Top of 2nd – Two hard-hit balls unluckily didn’t go for hits in a 3-up, 3-down inning.
Yadier Molina started the second by nailing a hard grounder, (99 mph EV) but it was right at second baseman Keston Hiura, and I think Yadi completed the jog all the way to first. It was close. Matt Carpenter then played into the stat-nerds’ hands by pulling a sharp grounder right into the shift, with third baseman Jace Peterson placed in short-right, gloving it for out 2.
Tyler O’Neill got a great pitch to hit, an 88 mph cutter just below the belt middle-in, and he made great contact (102 mph EV), lining it into center, but Garcia raced in to backhand it at his knees running straight in toward second.
Bottom of 2nd – Jack finally recorded a non-strikeout out.
Jack began the 2nd like he ended the first, by notching another strikeout, with Gyorko becoming the fourth K of the evening already. Jace Peterson became the first non-strikeout out, grounding out to Tommy at second.
Top of 3rd – Nuthin’ doin’.
Harrison Bader, licking his chops at facing a lefty, hit a deep-ish liner to right center on an up and away sinker that didn’t, but it hung up long enough for Garcia to lope over and grab it with an outstretched gloved left hand with a small jump for out 1.
Tommy followed by grounding out to Peterson at third. The throw was high and up the line a bit, but Gyorko came off the bag, gloved it, and tagged Tommy on the way down for the out. Paul DeJong became the Cards’ first strikeout victim of the game, whiffing on a full-count, middle-away sinker.
Bottom of 3rd (In Play, Run(s)) – The heart of the Brewers’ order got to Jack again.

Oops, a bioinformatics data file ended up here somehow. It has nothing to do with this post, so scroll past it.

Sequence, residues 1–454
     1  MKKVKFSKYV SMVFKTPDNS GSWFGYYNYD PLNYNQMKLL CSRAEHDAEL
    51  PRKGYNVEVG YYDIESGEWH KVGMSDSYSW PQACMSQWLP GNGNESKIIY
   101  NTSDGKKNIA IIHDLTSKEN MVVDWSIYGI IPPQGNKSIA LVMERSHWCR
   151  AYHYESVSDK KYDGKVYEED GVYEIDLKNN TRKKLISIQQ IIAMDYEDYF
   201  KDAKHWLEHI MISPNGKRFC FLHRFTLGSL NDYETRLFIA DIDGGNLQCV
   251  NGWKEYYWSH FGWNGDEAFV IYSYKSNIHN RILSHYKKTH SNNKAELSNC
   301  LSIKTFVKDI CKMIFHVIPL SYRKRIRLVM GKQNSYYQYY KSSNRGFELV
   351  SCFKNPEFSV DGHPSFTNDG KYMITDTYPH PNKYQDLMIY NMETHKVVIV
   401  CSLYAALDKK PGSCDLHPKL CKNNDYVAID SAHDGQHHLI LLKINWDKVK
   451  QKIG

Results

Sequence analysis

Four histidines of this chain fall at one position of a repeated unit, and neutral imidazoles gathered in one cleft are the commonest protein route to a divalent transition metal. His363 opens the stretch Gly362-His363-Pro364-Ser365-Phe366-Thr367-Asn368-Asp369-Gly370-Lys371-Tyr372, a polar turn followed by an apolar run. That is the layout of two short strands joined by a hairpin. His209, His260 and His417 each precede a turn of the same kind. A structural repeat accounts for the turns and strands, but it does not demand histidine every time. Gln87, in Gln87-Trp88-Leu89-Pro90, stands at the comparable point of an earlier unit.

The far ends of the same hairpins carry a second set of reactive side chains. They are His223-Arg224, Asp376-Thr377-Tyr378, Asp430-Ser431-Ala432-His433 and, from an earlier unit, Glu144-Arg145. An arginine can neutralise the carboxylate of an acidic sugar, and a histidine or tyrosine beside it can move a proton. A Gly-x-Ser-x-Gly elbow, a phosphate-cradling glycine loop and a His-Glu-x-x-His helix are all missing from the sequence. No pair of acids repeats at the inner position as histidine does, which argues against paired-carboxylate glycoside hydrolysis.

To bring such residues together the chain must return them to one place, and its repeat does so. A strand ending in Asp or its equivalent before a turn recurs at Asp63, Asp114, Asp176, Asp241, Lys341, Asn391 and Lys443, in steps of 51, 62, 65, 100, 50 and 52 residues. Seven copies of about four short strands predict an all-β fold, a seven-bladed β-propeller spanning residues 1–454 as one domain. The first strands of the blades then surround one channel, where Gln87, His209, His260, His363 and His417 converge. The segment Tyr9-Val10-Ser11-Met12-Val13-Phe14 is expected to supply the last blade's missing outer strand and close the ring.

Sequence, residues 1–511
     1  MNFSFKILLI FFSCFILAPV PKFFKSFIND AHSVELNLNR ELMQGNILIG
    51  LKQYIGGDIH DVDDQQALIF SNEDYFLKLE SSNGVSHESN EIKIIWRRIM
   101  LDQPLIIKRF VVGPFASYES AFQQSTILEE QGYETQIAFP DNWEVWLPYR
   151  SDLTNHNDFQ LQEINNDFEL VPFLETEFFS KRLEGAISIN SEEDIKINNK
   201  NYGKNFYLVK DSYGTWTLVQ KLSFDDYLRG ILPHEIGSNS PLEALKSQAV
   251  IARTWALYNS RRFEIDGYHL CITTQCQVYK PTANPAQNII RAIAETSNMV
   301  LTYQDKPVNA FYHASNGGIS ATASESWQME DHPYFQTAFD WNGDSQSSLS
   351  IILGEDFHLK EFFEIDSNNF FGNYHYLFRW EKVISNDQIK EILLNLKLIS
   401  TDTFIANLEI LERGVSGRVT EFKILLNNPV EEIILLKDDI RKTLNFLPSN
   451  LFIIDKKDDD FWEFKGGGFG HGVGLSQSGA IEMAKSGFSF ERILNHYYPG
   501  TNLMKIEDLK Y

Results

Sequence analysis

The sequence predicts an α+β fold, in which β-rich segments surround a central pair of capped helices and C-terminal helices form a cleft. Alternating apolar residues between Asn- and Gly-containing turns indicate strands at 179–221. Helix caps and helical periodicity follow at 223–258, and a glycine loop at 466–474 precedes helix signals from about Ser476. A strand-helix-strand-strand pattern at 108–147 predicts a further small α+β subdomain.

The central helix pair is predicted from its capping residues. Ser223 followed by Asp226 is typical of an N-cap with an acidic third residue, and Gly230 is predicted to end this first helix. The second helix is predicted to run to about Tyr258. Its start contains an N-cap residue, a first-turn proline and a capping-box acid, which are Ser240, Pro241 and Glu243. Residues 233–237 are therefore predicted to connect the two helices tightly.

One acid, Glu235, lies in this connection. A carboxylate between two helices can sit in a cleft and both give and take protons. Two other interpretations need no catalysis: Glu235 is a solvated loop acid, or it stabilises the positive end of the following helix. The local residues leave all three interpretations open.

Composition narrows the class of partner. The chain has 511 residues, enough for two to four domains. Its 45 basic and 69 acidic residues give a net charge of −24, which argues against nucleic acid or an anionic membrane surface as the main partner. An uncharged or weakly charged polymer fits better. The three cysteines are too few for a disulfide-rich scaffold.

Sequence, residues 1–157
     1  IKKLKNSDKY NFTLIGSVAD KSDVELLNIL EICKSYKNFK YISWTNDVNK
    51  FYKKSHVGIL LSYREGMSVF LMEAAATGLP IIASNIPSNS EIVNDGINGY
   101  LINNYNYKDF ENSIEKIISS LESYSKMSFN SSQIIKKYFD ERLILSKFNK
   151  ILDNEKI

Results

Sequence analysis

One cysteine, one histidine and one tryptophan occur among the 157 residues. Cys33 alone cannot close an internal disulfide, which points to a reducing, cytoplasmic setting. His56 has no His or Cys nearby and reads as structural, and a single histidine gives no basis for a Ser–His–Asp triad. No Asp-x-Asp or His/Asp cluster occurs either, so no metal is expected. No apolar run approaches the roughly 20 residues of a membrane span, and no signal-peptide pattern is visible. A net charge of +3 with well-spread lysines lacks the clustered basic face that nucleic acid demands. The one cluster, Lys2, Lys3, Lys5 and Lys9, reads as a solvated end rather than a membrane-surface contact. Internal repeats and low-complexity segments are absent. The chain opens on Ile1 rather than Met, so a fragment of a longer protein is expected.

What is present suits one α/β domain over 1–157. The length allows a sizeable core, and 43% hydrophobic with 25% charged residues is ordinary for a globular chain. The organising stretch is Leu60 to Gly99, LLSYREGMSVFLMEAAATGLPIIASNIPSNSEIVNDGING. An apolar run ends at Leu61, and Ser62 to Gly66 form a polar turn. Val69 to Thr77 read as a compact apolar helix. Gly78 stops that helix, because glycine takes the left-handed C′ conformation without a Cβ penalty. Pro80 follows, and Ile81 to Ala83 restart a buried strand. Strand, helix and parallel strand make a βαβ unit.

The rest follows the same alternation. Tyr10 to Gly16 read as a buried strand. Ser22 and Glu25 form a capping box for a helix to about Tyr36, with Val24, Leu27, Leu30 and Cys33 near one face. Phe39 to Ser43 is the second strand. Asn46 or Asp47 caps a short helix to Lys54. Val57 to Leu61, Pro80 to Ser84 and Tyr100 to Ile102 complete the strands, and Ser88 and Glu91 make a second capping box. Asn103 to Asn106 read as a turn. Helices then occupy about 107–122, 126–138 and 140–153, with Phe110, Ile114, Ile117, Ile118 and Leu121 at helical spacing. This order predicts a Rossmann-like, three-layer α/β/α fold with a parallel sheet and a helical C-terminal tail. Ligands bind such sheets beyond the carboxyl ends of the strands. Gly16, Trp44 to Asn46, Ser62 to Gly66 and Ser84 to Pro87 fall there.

After the homers, Jack looked like he was on a mission, forgoing the democratic method of using his fielders for outs, instead taking care of ninth-place batter Omar Narvaez swinging. Garcia made contact, however, as he followed by flying out to Ravelo in right, who looked very unsure of himself in doing so.
Yelich kept the inning going, though, as he inside-outed a down-and-in 94 mph fastball through the area at short vacated by the shift. Focusing down and away to Braun, Jack got behind him 3-1, then walked him on a slider in that same area off the plate to make it first and second 2 outs for Vogelbach.
Jack finally got the third out, and he was fortunate to get it, as Hiura lined out to O’Neill in left (99 mph EV).
Top of 4th – A 2-out infield single was all she wrote.
Anderson got Goldy to lunge at a 1-1 change-up down and away of the plate and lift it to right toward the line, caught by Braun. Ravelo followed by grounding out to Arcia at short. Brad Miller nearly cut the lead in half, launching a deep fly into the right-field corner, but it hooked just foul. He did reach, though, as he rubbed a grounder to second and busted his rump to first to beat it out, as Hiura’ fielded it bare-handed but threw wide of first.
Yadi then made Anderson work, getting a full count but ultimately swinging through a sinker actually middle but above the zone to end the inning.
Bottom of 4th (In Play, (Run(s)) – The first three reached to load the bases. Ten Brewers went to the plate as Milwaukee busted the game open and knocked Jack out of the game. It was ugly.
First batter Gyorko got fooled on a 1-2 slider Jack took a bit off of at 81 mph down and away. But he kept his hands back, took a kind of half-swing, and still barreled it enough to send a soft liner to right center for a single. He got bumped to second as Jack issued a free pass to Peterson on 7 pitches.
Now with first and second nobody out, Arcia singled on a slider that actually was well off the plate, but he hit it off the end, looping a liner to center, but the runner was stopped at third.
Then more damage came, as Narvaez lined a hanging slider into right-center, scoring 2 to make it 6-1.
Now with first and third, nobody out, next hitter Garcia duplicated Narvaez’ hit on the same hanging slider, lining it to the nearly exact spot in right-center to plate Arcia to make it 7-1. That was it for Jack, as Shildt brought in Jake Woodford.